Tuesday, October 21, 2008

A proud moment

Owen went to the CD cabinet, opened it and immediately picked out A Tribe Called Quest's Low-End Theory. As soon as it started spinning, he began bobbing up and down and waving his arms.

I could have only been more pleased if he had then found Kerry's Chumbawamba CD*, howled and hurled it across the room.

* Even after nine years of marriage, commingling of bank accounts, etc, etc, there are certain things that I'm sure to identify as Kerry's.

Sunday, October 19, 2008

The surreal world of O

Yesterday, Owen wanted to wear his lion costume so that, once wearing it, he could go into the guest bedroom/storage room, climb into his old infant bathtub and put three pillar candles and one candle holder in the tub with himself. (This would be after the brief self-admiration Kerry described.)

When he's old enough, I expect him to go into a bar and order a single plum, floating in perfume, served in a man's hat.


Language development is really interesting, particularly when it’s your own kid and you can see all the changes first hand. Owen is getting more vocal (more on this in a moment). He’s always been very observant and seemed to understand a lot of what we were saying. Now that includes ‘Go get your Brown Bear book’ or ‘Go find George’, which he’ll toddle off to do.

Yesterday, Travis and I discovered that he understands a lot more than that (and no it’s not b/c Owen started cussing). We were discussing how much Owen likes his lion Halloween costume. In particular, two Saturday mornings in a row, he’s wanted to put on his lion costume and look at himself in the mirror in our guest bedroom, admiring his mane and tail. Yesterday, Owen heard us discussing this, and he went and started banging on his bedroom door. When we let him in, he went to get his Halloween costume and cried until we put it on him, then promptly went to the guest room door so we could open it and he could look in the mirror. He also roars like a lion when he’s wearing it, which is pretty cute. So it seems that he understood our conversation and it reminded him that he wanted to go play with his costume. I guess it’s time to start spelling things in front of him.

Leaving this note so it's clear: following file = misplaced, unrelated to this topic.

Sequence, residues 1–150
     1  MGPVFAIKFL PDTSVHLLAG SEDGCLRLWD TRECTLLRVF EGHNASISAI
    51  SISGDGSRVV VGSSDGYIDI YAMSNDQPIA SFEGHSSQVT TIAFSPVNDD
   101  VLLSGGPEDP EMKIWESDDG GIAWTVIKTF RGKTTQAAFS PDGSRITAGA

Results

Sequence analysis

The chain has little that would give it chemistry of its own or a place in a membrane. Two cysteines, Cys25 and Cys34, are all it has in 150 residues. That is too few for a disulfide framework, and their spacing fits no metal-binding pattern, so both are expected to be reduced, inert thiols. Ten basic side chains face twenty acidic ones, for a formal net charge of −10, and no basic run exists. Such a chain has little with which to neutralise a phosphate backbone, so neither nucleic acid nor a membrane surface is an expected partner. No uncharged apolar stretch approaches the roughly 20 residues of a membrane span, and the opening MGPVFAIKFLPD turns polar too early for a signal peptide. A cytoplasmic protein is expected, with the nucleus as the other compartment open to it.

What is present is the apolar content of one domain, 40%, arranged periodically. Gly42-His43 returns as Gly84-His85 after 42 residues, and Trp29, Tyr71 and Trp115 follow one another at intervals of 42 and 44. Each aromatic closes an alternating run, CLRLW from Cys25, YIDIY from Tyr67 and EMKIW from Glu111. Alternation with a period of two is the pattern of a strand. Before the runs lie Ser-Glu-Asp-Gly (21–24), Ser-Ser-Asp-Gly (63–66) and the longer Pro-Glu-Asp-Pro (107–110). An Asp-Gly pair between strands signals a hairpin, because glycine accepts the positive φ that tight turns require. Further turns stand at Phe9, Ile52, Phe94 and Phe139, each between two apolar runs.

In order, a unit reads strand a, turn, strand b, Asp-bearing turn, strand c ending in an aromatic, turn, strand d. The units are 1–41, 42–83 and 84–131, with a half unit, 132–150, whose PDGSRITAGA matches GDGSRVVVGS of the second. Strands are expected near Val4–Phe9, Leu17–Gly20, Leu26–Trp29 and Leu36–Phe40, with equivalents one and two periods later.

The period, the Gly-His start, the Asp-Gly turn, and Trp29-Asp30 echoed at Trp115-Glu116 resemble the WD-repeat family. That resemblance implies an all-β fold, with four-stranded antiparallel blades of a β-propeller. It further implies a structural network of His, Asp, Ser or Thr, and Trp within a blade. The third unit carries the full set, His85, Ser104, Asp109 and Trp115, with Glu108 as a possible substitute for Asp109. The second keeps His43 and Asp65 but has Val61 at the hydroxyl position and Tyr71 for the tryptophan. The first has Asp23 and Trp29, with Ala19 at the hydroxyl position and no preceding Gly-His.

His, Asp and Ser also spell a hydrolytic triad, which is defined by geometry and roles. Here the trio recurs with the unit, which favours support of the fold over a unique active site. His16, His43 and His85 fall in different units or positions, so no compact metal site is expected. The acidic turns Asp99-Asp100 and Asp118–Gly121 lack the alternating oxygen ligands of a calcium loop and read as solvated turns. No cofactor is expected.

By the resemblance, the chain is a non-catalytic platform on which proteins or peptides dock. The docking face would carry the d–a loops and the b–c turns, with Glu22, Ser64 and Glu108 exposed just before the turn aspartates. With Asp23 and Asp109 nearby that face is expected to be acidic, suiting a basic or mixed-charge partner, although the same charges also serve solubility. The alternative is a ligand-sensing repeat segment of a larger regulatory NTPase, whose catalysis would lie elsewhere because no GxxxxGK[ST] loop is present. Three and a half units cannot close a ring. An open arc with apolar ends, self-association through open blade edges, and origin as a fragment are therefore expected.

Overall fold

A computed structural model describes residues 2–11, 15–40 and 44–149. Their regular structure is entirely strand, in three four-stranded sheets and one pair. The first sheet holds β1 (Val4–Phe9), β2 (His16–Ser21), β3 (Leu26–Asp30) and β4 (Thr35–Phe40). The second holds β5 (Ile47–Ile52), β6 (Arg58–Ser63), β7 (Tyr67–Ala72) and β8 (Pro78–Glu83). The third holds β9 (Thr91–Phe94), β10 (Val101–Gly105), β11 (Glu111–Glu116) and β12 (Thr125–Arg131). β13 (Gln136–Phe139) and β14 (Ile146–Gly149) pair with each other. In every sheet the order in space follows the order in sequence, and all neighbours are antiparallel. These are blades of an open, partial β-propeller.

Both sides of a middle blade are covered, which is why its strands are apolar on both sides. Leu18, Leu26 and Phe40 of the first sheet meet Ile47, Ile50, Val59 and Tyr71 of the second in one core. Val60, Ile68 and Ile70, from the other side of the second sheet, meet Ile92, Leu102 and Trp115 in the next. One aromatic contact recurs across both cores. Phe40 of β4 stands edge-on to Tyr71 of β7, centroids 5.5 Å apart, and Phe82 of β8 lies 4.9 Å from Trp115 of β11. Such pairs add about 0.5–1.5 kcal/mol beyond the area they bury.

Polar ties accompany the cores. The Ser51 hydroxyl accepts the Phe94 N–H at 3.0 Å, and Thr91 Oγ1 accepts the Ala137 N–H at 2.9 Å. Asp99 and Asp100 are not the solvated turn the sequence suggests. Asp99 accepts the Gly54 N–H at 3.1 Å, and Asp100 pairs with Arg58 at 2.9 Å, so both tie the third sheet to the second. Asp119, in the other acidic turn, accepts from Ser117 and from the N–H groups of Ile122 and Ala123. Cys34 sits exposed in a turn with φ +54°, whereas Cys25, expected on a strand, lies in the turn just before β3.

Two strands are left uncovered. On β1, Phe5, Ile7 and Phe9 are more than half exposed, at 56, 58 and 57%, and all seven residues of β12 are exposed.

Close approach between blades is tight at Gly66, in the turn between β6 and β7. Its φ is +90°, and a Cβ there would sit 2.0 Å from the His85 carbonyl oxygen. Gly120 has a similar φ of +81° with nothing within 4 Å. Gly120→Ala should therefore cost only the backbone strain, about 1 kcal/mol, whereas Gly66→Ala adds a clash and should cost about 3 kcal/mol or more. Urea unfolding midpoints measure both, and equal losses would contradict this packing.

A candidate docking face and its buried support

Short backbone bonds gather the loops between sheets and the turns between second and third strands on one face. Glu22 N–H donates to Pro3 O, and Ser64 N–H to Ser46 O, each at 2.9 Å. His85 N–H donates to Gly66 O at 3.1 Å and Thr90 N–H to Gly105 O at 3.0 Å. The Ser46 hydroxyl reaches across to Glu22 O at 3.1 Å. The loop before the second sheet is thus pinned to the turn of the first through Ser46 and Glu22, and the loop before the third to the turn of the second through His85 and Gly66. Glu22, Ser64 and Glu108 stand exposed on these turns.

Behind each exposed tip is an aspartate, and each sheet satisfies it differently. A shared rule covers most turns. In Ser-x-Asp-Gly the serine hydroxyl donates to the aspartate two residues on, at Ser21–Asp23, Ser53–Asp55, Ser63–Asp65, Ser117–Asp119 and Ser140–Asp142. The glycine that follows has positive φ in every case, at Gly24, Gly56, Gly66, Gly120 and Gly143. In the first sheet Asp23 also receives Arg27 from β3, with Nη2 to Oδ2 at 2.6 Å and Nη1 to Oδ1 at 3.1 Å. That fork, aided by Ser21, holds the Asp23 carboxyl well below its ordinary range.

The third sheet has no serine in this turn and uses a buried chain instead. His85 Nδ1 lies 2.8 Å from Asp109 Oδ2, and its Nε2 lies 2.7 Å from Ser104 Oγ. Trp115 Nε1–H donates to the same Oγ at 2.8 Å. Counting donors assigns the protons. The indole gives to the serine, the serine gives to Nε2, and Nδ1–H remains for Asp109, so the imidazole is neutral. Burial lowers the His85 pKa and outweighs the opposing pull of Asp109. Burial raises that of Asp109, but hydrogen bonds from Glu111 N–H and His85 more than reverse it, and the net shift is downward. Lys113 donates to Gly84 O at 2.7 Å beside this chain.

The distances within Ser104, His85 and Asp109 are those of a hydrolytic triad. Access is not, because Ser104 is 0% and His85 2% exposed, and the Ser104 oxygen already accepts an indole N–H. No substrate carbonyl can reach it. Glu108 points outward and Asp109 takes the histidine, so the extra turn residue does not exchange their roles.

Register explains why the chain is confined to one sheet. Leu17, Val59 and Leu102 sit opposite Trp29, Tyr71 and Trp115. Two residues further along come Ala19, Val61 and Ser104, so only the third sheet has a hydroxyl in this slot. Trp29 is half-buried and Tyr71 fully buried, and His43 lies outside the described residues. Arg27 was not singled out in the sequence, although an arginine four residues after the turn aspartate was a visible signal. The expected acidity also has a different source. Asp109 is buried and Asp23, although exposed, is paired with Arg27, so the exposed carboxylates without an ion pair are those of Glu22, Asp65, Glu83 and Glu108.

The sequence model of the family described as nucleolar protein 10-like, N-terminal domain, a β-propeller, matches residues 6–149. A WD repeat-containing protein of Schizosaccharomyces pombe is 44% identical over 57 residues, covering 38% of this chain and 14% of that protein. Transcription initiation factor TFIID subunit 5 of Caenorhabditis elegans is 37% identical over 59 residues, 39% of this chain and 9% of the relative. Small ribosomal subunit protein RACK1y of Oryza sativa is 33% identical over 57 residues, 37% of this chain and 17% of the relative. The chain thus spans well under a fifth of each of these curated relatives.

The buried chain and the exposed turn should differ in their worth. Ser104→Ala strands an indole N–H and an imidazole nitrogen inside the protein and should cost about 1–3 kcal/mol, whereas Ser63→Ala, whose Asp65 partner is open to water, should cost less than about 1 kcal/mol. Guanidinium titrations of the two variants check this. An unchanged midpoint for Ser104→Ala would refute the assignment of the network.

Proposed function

He also talks more – more babbling in O-gibberish, more successful mimicking of words we say, and more words of his own. From his favorite word ‘up’, to bubbles, apple, truck, dog, cat, and my favorite - stinky (to refer to his diaper) he’s getting quite a vocabulary.

My favorite language development that he's had is that he's starting to learn animal sounds, thanks to Sandra Boynton's book 'Moo, Baa, La La La'. Now when I read the book to Owen, he'll fill in some of the animal sounds i.e.
K: A cow says
O: mooo (in a soft cute baby voice)
K: A shee says
O: baaaaa (same voice)
K: 3 singing pigs say
O: ah ah ah (or la la la, depending on how the mood strikes him)

He realizes that real cows say moo, also, as we discovered when we took him to the petting farm last weekend.

It seem like just yesterday that he would scream like he's being eaten by a bear every time he wanted to communicate. Hmm... How times change.

Thursday, October 16, 2008

Observation on the brain and self

This is a fascinating account by a brain scientist of her own stroke. Her description of her thinking and perception as parts of her brain shut down is remarkable.

(Or see it on the TED Talks site)

I'm not as amazed by her suggestion that we all ought to live in our right brains. I can't help but observe that, were it not for the nagging of her left brain that something was seriously amiss, she would have died. But I'm a pretty died-in-the-wool lefty*, so how else could I respond?

I remember how Owen went through the process of discovering his hands and other fundamentals of his being, and I wonder how much his perception was like Dr Taylor's.

* New conversational fun: I think I'm going to start swapping the political and brain hemispherical senses of "right" and "left" without warning.

Monday, October 13, 2008

The hobgoblin of little minds (and parents)

"A foolish consistency is the hobgoblin of little minds," wrote Ralph Waldo Emerson. I often mis-refer to that quote, dropping the "foolish" bit, when self-deprecating my own nit-picking of comma usage, capitalization, font sizes, etc, at work. But I was thinking this weekend about how hard consistency is in the realm of parenting.